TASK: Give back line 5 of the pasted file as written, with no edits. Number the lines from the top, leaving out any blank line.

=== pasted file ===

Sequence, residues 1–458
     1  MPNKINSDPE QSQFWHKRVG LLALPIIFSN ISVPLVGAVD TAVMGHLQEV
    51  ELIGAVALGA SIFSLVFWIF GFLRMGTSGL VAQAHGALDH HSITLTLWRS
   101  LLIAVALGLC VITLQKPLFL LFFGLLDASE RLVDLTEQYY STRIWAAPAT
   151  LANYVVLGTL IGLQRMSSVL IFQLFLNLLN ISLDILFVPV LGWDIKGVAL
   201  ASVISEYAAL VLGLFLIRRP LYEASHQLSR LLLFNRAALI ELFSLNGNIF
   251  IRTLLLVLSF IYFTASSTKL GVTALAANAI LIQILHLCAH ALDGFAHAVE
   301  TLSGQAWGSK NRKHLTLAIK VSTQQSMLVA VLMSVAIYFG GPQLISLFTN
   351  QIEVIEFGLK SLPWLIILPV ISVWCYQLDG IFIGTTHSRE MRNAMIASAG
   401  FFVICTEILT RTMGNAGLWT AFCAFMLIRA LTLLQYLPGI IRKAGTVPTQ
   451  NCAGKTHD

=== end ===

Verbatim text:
   151  LANYVVLGTL IGLQRMSSVL IFQLFLNLLN ISLDILFVPV LGWDIKGVAL